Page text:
The end of October will herald new beginnings for roughly 6,000 inmates whose sentences have been reduced under changes to federal sentencing guidelines. While it might be tempting to attribute these changes to Obama’s push this last year for prison reform, these policy changes stem from wheels set into motion quite some time ago. Under…

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By Christopher Zoukis

There is a plague in the prisoners’ rights community that will destroy us all, from the inside out, if we don’t find a cure.  Slowly it creeps into our minds, then our interactions and advocacy, and finally our organizational policies.  It’s like institutional racism, just of a different breed.  This is the disease of selectivity, of triaging the freedom of various groups of prisoners, and it is very prevalent.

As I sit to write this, I’m coming off an intense few days.  Someone I trust and respect shared their thoughts concerning prisoners — more specifically, prisoners convicted of violent and sex related offenses.  In her mind, there was perhaps no punishment strong enough or complete enough to adequately fulfill retribution for these sorts; to say nothing about the social stigmatization of having contact with these sorts.  While I was saddened to hear this, I was heartened that she isn’t a prisoners’ rights warrior, but more of someone who works in this field due to circumstances — a reliable and dedicated helper, but not a true believer.  In any prisoners’ rights organization, there are bound to be a few of these non-true believers who are incredibly hard workers but do not share our zeal for reform.  She is one of them.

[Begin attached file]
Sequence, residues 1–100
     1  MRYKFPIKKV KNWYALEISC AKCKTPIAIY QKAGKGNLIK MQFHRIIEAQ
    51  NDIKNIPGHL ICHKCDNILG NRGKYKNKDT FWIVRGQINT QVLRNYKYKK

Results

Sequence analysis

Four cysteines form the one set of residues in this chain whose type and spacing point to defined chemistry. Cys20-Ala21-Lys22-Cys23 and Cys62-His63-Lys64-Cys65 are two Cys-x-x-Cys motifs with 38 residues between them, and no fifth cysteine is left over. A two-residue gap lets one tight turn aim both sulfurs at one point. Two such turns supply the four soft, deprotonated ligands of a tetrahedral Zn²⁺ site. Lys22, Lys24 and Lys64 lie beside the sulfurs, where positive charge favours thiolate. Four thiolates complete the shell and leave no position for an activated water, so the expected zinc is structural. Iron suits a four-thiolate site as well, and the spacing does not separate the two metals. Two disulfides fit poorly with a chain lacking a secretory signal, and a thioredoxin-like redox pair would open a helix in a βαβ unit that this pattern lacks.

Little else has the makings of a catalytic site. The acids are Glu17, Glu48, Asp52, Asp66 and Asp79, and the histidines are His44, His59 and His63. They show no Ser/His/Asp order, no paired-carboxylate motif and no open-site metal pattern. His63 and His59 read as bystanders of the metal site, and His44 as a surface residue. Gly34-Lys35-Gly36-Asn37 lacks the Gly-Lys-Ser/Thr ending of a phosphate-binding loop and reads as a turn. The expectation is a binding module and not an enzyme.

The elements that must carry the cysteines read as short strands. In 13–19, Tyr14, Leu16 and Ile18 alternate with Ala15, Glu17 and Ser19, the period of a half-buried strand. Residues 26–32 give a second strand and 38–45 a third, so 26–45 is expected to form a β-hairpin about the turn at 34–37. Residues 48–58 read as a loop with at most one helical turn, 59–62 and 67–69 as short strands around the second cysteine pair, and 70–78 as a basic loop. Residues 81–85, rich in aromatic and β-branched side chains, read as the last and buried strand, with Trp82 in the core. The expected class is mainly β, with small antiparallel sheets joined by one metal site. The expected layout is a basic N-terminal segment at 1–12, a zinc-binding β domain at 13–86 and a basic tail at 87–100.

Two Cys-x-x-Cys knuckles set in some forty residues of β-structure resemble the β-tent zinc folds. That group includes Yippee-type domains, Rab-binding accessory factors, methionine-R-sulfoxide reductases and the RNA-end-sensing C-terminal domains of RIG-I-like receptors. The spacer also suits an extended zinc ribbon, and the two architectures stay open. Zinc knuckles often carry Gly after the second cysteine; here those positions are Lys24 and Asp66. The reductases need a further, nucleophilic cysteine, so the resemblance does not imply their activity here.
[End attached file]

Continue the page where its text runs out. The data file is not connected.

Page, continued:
While my personal interactions concerning this were unfortunate — after all, I am a true believer in the power of education and rehabilitation to reform even the most damaged of characters — what is alarming is that there are actual organizations in the national spotlight that do the exact same thing.  In fact, there are several name brand prisoners’ rights organizations which plainly refuse to advocate for all prisoners, and instead focus on very targeted groups.  While this is their prerogative, it’s more harmful than many believe.

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Until the economic downturn that started in 2008, few people outside of policy and media circles paid attention to the true costs of criminal justice. Overall, the country seemed to place more emphasis on lowering crime rates and fighting the “War on Drugs” rather than paying attention to the inflating costs of incarceration. To some…

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